All of the controversies have been marked by tension, polemic and mutual suspicion in public opinion both in France and Germany. In Germany, the excesses of Greek public finances led to a rejection of support for further loans to Greece, with the consequence that the Merkel government delayed necessary decisions, thereby making it the main culprit in the much criticised stance of giving "too little, too late" -  a criticism which has often been levelled against Europe's response to the crisis. The rules included in the Stability and Growth Pact were discussed in depth, but have nevertheless proved ineffective against the crisis and the blame has been laid squarely on Greece.

The German executive has found it hard to admit that the structure of the Maastricht Treaty, which largely matched the German vision of the EMU (an independent ECB, stability as a priority, no bailouts, stability pact with sanctions), was no longer adequate to deal with the problems encountered by the Eurozone, and that it was necessary to revise it. This was the reason behind the tension over existing rules, and the fear of opening the way to all types of potential excesses.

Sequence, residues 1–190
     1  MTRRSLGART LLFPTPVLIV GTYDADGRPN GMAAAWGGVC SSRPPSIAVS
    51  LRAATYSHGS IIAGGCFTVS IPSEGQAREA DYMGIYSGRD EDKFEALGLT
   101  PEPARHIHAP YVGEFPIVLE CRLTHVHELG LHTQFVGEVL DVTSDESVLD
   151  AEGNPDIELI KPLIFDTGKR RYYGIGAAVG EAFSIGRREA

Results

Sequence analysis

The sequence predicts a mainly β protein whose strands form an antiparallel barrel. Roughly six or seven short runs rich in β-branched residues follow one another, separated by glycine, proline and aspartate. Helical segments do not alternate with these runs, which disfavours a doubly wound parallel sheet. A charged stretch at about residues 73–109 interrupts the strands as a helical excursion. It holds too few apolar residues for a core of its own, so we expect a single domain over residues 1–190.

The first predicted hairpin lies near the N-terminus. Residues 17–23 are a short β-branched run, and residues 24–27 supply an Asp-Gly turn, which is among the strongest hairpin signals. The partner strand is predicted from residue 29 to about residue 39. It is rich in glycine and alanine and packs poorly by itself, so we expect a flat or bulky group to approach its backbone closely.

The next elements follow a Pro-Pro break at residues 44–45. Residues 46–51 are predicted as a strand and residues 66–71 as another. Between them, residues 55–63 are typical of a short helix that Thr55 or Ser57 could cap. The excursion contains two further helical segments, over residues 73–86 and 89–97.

In France, criticism (which was necessary and often justified) of the German attitude rapidly became excessive. The German positions were misrepresented, their lack of solidarity (although the Germans' concern was only to establish a link between the principles of solidarity and responsibility), or their wish to "punish" Greece (which was mainly a warning on the danger of the moral hazard linked to granting financial aid) attacked. The egoism of the "German export model" was criticised and blamed for creating imbalances and even the Eurozone crisis; the Merkel government was accused of wanting to "force" austerity on all of Europe (whereas it was merely a question of admitting the need for the re-balancing of public finances).